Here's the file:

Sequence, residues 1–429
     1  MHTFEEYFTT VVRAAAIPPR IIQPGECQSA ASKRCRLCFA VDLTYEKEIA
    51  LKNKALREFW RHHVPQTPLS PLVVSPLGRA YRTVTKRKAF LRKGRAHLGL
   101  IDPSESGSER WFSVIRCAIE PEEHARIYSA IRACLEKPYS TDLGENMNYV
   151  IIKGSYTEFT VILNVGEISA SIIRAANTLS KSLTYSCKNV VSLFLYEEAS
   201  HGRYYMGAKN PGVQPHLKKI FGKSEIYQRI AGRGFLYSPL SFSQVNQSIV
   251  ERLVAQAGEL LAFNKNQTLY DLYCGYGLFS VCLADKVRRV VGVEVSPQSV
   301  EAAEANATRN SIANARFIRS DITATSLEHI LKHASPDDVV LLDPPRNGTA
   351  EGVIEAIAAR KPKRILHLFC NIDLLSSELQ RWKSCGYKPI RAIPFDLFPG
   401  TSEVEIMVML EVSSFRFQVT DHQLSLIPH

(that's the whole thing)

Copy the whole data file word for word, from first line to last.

Sequence, residues 1–429
     1  MHTFEEYFTT VVRAAAIPPR IIQPGECQSA ASKRCRLCFA VDLTYEKEIA
    51  LKNKALREFW RHHVPQTPLS PLVVSPLGRA YRTVTKRKAF LRKGRAHLGL
   101  IDPSESGSER WFSVIRCAIE PEEHARIYSA IRACLEKPYS TDLGENMNYV
   151  IIKGSYTEFT VILNVGEISA SIIRAANTLS KSLTYSCKNV VSLFLYEEAS
   201  HGRYYMGAKN PGVQPHLKKI FGKSEIYQRI AGRGFLYSPL SFSQVNQSIV
   251  ERLVAQAGEL LAFNKNQTLY DLYCGYGLFS VCLADKVRRV VGVEVSPQSV
   301  EAAEANATRN SIANARFIRS DITATSLEHI LKHASPDDVV LLDPPRNGTA
   351  EGVIEAIAAR KPKRILHLFC NIDLLSSELQ RWKSCGYKPI RAIPFDLFPG
   401  TSEVEIMVML EVSSFRFQVT DHQLSLIPH